This is my favorite haircut I have ever gotten. It’s a shot from exactly a year ago, when Karmela (my stylist at John Sahag, who I found after reading about the salon in an Allure Magazine way back when I was in high school) and I decided to chop off my increasingly straggly post-partum locks into a bob. And I’ve been a bob girl ever since.
Except then I got The Really Bad Cut. I remember when I moved out to California, my mom saying “Oh you’ll just have to come back to New York when you need a haircut so Karmela can do it,” because apparently my mother is under the impression that I have transformed into an heiress, or perhaps just a very wealthy socialite of the Hilton genus. (“…Shall I take the private plane, mama? Or must I fly first class with the plebeians again?”)
So instead of making little cross-country jaunts for trims, I did what actual people who are not movie stars do, and went to a random place near my house. The girl who gave me the cut was so sweet, and had beautiful hair herself, but I knew almost immediately upon departing the salon that the next few months were going to be a little rough in the hairstyling department. My chic little bob had been transformed into a vaguely Kate Gosselin-ish too-short-in-the-back and weirdly choppy…thing. Sort of a non-cut. Definitely not my cut. (I didn’t post too many pics in which my hair wasn’t pulled up or back or covered by a hat, but you can kinda see what I’m talking about here.)
Many months later, it’s still in the growing-out stage (uggggggg), but I decided that on this trip I’d go over to Karmela to see if she could do something. Anything. Because for real: a bad haircut makes you feel bad, and there was just nothing I could do with this one. Up, down, curly, straight: nothing worked, and it made me feel dumpy and un-put-together and a little bummed out. Hair has that power, you know – to make you feel ten years younger, all floaty and gorgeous…or to make you feel like total crap.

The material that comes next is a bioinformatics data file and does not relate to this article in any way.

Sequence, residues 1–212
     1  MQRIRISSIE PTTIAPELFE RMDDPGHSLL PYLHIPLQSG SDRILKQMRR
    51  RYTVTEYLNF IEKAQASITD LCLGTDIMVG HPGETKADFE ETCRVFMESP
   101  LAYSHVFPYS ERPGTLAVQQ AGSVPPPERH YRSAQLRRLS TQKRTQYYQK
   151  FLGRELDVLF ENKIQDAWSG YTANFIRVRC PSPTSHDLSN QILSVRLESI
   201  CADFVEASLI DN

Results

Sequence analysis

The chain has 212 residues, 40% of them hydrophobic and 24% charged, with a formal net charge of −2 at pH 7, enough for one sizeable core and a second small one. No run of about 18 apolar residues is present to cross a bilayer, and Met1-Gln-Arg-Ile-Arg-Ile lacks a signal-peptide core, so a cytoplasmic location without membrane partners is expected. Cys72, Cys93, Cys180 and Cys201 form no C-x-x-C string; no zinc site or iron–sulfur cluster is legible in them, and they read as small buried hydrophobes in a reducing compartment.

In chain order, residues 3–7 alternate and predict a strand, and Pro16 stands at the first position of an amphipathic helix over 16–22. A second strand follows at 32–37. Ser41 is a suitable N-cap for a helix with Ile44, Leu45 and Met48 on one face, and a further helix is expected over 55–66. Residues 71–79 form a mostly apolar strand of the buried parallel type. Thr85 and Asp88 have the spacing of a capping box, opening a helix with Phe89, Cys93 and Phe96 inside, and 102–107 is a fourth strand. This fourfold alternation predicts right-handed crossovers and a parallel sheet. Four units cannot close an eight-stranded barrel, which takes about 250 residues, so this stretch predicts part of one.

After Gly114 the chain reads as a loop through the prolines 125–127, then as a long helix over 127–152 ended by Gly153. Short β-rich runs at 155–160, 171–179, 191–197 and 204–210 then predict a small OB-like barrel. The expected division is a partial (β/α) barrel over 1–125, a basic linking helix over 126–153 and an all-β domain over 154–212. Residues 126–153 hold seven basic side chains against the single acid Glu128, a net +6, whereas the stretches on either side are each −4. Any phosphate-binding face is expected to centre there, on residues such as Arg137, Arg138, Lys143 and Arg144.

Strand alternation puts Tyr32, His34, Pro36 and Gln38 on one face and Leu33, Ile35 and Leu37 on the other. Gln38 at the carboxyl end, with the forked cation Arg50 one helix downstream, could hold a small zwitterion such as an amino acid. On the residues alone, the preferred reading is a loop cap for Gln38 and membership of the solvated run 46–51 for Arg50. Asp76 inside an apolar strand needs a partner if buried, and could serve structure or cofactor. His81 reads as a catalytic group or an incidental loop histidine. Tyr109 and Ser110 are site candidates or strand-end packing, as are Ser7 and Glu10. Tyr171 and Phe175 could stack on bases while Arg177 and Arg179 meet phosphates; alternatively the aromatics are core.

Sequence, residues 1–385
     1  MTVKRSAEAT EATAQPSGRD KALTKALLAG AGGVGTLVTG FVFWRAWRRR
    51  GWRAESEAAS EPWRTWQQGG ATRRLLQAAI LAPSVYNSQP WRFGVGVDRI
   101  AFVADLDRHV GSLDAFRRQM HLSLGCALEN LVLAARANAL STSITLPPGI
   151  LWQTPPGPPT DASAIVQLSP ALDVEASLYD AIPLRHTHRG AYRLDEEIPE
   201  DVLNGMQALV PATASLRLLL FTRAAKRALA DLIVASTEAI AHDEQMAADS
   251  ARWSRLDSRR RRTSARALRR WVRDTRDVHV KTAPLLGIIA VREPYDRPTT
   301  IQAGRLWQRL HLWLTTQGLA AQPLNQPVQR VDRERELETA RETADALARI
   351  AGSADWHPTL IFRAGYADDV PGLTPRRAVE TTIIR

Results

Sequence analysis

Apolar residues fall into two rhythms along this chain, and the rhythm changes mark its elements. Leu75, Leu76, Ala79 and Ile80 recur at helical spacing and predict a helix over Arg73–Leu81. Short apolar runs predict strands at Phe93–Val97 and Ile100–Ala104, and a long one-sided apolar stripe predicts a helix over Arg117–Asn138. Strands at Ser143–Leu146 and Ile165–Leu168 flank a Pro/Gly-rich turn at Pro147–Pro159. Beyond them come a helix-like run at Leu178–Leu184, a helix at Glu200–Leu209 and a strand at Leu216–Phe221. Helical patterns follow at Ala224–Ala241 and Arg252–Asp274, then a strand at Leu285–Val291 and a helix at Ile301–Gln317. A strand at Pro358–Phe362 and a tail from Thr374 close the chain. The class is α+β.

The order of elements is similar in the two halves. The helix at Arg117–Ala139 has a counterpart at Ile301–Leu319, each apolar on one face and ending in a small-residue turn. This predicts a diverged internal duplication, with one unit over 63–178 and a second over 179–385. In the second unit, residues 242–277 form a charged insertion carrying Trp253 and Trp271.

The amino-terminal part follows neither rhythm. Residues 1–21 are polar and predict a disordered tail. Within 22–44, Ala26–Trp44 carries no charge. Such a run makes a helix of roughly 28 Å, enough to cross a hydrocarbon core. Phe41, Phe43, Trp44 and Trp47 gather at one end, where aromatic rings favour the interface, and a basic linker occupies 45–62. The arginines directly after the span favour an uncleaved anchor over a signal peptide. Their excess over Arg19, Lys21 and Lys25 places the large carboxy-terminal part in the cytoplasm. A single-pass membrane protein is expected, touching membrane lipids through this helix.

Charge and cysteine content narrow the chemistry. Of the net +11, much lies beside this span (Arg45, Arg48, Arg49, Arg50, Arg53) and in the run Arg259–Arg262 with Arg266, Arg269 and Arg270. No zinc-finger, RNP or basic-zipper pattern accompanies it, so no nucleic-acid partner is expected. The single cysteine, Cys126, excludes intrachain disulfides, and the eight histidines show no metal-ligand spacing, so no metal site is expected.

I felt like the latter; now I feel much, much closer to the former.
All of us have been the victim of a truly terrible haircut at one point or another, so I asked Karmela how to handle one, short of sitting around for five months feeling like there’s nothing you can do with your hair while you wait for it to grow out (which is what I did).
In essence, what she said is that most “bad cuts” are actually just bad layering, and that there’s really no reason to wait to get one fixed – you just need to find a stylist talented enough to fix the layers (which, in my experience, unfortunately does often involve spending more money on a cut than you might at the random place down the block). The dry-cut method that John Sahag uses (where they wash, blow-dry, and flat-iron your hair prior to even touching it with a pair of scissors) creates layers that look more like glass than like steps, so you can’t tell where they start and end – and so as it grows out it just grows out into a different (but equally pretty) look.
I seriously feel like a brand-new person. (THANK YOU MY FRIEND.)